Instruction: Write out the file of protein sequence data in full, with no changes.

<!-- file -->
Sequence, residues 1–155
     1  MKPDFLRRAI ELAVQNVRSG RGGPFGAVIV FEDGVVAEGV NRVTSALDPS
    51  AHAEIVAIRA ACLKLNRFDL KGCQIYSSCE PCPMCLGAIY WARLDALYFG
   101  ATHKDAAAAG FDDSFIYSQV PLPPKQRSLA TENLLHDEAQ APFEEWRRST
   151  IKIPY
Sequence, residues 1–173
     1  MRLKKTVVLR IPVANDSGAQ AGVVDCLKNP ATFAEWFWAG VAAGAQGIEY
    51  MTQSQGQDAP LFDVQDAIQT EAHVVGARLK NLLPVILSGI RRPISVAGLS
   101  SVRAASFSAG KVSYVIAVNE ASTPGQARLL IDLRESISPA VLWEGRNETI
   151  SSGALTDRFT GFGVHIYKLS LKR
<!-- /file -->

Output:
Sequence, residues 1–155
     1  MKPDFLRRAI ELAVQNVRSG RGGPFGAVIV FEDGVVAEGV NRVTSALDPS
    51  AHAEIVAIRA ACLKLNRFDL KGCQIYSSCE PCPMCLGAIY WARLDALYFG
   101  ATHKDAAAAG FDDSFIYSQV PLPPKQRSLA TENLLHDEAQ APFEEWRRST
   151  IKIPY
Sequence, residues 1–173
     1  MRLKKTVVLR IPVANDSGAQ AGVVDCLKNP ATFAEWFWAG VAAGAQGIEY
    51  MTQSQGQDAP LFDVQDAIQT EAHVVGARLK NLLPVILSGI RRPISVAGLS
   101  SVRAASFSAG KVSYVIAVNE ASTPGQARLL IDLRESISPA VLWEGRNETI
   151  SSGALTDRFT GFGVHIYKLS LKR